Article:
Social networks, social practices, personal relationships, privacy & trust, disaster response & recovery, social resilience, HCI, interaction design, big data, location-based social applications, surveillance and politics of access
I am an associate professor in the Technologies in Practice and Interaction Design (IxD) research groups at the IT University of Copenhagen in Denmark. My research is located at the intersection of Information Sciences, Communication Studies and Human Computer Interaction. My studies of social network structures and in-situ relational practices expose how local context can shape technology adoption and use, and how global networked information flows can, in turn, become part of the local context. I examine how people adapt and integrate an increasingly broad array of information and communication technologies into their daily lives and under conditions of strain.
PhD in Human Computer Interaction 2007, Carnegie Mellon University
- Shklovski, I., Mainwaring, S., Skúladóttir, H. & Borgthorsson, H. (2014) Of Leakiness & Creepiness in App Space: User Perceptions of Privacy and Mobile App Use. In Proceedings of the 2014 ACM Conference on Human Factors in Computing (Toronto, Canada, 2014). ACM
- Shklovski, I., Vertesi, J., & Lindtner, S. (2013). Introduction to This Special Issue on Transnational HCI. Human-Computer Interaction, 29(1), 1-21. (PDF)
- Shklovski, I. & de Souza e Silva, A. (2013) "An urban Encounter: Realizing online connectedness through local urban play" Best of IR 13 special issue, Information, Communication & Society V16(3) p. 340-361 (PDF)
- Shklovski, I. & Valtysson, B. (2012) Secretly political: Civic engagement in online publics in Kazakhstan. Journal of Broadcasting & Electronic Media V56(3) p. 417-433 (PDF)
- Shklovski, I. & Struthers, D. (2010) Of States and Borders on the Internet: The Role of Domain Name Extensions in Expressions of Nationalism Online in Kazakhstan. Policy & Internet v2(4), article 5 (PDF)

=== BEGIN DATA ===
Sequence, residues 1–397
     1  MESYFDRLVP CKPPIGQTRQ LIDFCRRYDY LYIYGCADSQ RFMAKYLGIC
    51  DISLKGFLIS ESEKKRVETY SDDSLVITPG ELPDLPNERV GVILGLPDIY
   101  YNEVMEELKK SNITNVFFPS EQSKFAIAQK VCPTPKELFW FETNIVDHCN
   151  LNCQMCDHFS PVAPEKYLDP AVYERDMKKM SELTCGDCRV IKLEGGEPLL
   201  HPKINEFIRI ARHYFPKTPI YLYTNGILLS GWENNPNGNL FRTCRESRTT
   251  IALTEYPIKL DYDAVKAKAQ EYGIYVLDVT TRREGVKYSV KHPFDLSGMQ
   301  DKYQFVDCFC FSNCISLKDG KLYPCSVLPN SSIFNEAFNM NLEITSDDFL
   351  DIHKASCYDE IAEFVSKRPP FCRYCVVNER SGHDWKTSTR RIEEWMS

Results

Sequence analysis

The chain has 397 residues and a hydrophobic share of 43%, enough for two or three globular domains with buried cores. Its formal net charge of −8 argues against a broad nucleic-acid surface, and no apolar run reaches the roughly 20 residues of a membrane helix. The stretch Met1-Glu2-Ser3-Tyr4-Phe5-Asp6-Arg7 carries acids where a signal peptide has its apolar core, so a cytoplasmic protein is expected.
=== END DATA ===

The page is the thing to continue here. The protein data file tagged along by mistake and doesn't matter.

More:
- Latonero, M. & Shklovski, I. (2011) Emergency management, Twitter and social media evangelism. International Journal of Information Systems in Crisis Response and Management V3(4) p. 1-16 (PDF)
- Shklovski, I., Burke, M., Kraut, R. & Kiesler, S. (2010) Technology adoption and use in the aftermath of hurricane Katrina in New Orleans. American Behavioral Scientist, 53(8), 1228-1246 (PDF)
- Shklovski, I., Vertesi, J., Troshynski, E. & Dourish, P. (2009) The commodification of location: Dynamics of power in location-based systems. In proceedings of the International Conference on Ubiquitous Computing (Ubicomp 2009), Orlando, Florida: ACM Press. (PDF)
- Shklovski, I., Palen, L. & Sutton, J. (2008) Finding community through information and communication technology during disaster events, In proceedings of the ACM Conference on Computer Supported Cooperative Work (CSCW 2008), New York: ACM Press. (PDF)
I am a social scientist and my work is located at the intersection of Human Computer Interaction, Information Sciences and Communication Studies. My research primarily focuses on social networks at different levels of analysis as I examine how people adapt and integrate an increasingly broad array of information and communication technologies into their daily lives in a variety of cultural contexts, with a special focus on technology adoption and use under conditions of strain. My studies of network structures and in-situ relational practices expose how local context can shape technology adoption and use, and how global networked information flows can, in turn, become part of the local context. The broad goal of my research is to develop a theoretical framework that conceptualizes information exchange as part of a dynamic relational practice constitutive of social networks. Through this, I want to challenge dominant conceptions of privacy in the realm of big data, offering alternative ways of thinking about personal data management practices in this digital world. My recent collaborations with data scientists in industry and academia explore what we can learn solely from structural analysis of large social network datasets as well as how we can enrich our understanding and ability to exploit these datasets through qualitative methods.
Digital Media & Communication (DDMK) - on DDK Network Society – on DMD Qualitative Research Methods (MKVM) - on Games
* Further information can be accesses on my website: http://www.itu.dk/people/irsh/